After the war members of the family remained in and near New Hinksey, three of them moving to the new houses built south of Sunningwell Road after the war and four of them working at the motor works. In 1919 Lizzie married George Wells, of 51 Church Street, described in the marriage register as a bricklayer, though in the trade directories he is described as a beer retailer. He was a widower with three daughters.
The eldest brother, (William) Frank Adams was working as a porter in 1911. That year he married Dorothy Jane Trueman and they had a daughter, Freda Elizabeth Grace. Frank was then working as a labourer and the family lived at 64 High Street, St Thomas. From 1912 they were living at 29 Lake Street where in 1913 their daughter Hilda Dorothy was born, Frank now working as a butcher. In 1939 Frank was working as a storeman at the motor works and living at 32 Norreys Avenue with Dorothy and 13-year-old Megan.
In 1919 George Bennett Adams (a storekeeper and living at 50 Lake Street) married Janet Alfreda Justice, of 17 Crescent Road, Cowley, daughter of William Justice, a gardener. In 1922 they were living at 50 Lake Street. In 1939 they were living in Lincoln Road; he was described as a motor chassis foreman storekeeper and their 23-year-old son Ernest as a motor chassis erector. Ernest had been named Ernest Justice when he was born and later took the name Adams.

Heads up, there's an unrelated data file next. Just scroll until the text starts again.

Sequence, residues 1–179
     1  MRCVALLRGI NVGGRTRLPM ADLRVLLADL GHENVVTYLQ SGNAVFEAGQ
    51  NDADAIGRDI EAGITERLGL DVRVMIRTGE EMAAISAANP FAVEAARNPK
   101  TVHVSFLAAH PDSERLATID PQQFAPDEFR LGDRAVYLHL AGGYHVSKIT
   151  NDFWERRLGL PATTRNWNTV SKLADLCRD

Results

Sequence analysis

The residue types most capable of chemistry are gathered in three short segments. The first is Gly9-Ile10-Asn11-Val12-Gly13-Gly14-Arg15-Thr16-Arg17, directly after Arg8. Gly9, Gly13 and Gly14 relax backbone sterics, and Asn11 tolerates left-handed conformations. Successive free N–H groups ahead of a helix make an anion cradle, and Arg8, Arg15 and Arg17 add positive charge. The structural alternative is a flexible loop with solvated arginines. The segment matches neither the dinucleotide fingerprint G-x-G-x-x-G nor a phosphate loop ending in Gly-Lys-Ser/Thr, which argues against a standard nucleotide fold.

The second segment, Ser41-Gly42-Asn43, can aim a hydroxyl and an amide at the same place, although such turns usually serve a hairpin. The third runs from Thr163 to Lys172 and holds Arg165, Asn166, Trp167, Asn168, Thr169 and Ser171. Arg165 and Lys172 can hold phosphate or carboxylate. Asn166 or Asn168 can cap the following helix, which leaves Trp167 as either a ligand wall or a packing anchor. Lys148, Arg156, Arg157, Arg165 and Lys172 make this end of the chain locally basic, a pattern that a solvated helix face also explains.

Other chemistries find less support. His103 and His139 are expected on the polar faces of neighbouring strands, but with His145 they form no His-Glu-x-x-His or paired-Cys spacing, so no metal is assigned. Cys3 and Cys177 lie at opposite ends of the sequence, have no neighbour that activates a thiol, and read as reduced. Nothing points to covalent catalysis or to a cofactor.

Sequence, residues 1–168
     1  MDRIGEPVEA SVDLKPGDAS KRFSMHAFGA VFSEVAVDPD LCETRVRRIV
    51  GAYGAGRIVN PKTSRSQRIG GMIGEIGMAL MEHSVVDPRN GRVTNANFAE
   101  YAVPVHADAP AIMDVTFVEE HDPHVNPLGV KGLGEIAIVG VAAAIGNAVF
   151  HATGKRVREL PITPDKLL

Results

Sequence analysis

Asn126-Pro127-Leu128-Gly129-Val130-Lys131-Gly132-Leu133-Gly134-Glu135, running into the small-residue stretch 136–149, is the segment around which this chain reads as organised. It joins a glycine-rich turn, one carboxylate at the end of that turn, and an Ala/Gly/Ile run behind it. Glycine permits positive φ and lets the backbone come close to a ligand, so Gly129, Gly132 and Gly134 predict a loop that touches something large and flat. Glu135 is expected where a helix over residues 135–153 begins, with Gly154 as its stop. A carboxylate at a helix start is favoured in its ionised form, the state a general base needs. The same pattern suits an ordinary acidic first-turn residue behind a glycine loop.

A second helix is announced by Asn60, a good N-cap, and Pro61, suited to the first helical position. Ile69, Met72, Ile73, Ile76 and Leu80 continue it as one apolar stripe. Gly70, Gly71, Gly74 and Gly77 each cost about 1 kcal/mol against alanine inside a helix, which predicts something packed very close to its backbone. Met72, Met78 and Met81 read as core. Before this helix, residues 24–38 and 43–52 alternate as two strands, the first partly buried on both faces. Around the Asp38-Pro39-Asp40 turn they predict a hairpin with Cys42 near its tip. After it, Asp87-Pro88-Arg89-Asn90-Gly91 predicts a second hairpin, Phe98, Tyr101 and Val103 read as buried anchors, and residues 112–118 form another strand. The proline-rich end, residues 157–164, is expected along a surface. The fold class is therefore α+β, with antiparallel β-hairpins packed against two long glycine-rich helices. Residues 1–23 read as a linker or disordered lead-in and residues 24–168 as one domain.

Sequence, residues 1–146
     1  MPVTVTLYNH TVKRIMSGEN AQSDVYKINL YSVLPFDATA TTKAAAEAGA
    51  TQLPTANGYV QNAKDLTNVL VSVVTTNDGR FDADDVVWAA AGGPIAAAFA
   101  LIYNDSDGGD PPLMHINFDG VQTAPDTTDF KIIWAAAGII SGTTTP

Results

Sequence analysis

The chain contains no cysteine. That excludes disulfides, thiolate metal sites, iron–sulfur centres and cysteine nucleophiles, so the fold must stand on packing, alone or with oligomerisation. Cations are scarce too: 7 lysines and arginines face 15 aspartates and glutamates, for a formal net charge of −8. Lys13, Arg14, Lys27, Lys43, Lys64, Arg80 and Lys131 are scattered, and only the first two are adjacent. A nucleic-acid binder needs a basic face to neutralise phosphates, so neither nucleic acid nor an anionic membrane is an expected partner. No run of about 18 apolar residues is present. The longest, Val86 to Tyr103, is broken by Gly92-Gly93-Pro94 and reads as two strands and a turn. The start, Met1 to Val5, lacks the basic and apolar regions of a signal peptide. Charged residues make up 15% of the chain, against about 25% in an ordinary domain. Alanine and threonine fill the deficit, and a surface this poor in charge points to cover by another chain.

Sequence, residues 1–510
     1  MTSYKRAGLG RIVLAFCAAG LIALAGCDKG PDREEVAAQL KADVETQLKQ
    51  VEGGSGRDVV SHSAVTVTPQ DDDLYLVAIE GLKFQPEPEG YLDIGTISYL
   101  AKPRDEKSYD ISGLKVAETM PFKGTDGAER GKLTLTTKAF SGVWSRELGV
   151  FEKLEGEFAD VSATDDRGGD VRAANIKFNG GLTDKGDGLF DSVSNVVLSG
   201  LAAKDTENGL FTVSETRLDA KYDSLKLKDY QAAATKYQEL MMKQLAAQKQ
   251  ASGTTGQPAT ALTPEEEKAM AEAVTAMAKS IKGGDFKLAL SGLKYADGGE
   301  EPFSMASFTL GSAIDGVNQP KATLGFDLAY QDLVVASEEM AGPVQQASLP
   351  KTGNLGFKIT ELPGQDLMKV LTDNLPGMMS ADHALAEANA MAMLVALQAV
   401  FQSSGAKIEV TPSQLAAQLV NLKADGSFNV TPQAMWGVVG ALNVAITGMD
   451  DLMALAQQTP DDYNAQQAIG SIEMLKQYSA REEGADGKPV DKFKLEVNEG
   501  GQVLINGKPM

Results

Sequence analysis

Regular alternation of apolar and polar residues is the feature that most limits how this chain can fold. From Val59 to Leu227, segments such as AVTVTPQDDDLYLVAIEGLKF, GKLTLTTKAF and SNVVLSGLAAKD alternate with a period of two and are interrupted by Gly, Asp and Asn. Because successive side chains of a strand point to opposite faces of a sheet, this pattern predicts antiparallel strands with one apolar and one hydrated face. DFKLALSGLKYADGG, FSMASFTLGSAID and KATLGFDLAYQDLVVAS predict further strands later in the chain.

Frederick P. Adams married Mabel Rhoda Smith in 1920. In 1939 he was a records clerk at the motor works, living in Iffley Road with his wife and their 18 year old son, Gord[on] F., an estate agent’s clerk.
Reginald was in 1939 living in Monmouth Road with his wife Gladys (nee Turner) and their 16-year old son Horace. Reginald was a storekeeper at the motor works, Gladys was a part time glove machinist and Horace a wood dulling(?) machinist at the Morris company.
Cyril Adams, the youngest, was only 12 years old when the war broke out. In 1924, when he was living at 49 Lake Street and was a chassis assembler, he married Dorothy May White a waitress from Grove Street, Summertown in the church of St John the Evangelist. In 1939 he worked as a motor chassis assembler and lived in Northampton Road with Dorothy, and their two school age children Rex and Mary.
In 1922 the widowed Agnes Maud Lee (nee Adams) married Alfred Edwin Hewlett, a gardener, at the church of St John the Evangelist. He was from Summertown. Agnes died in 1932 and in 1939 Alfred married Alice Mabel Rawlings (nee Juggins). She was a widow with about 6 children whose husband John Rawlings had died in 1934. In 1939 the couple was living at 17 Summerfield with the Rawlings family. Alfred was a cemetery employee.
[i] See The Project Gutenberg eBook, The Story of the 2/4th Oxfordshire and Buckinghamshire Light Infantry, by G. K. Rose, originally published in 1920. http://www.gutenberg.org/files/20395/20395-h/20395-h.htm#page156, accessed 11 May 2018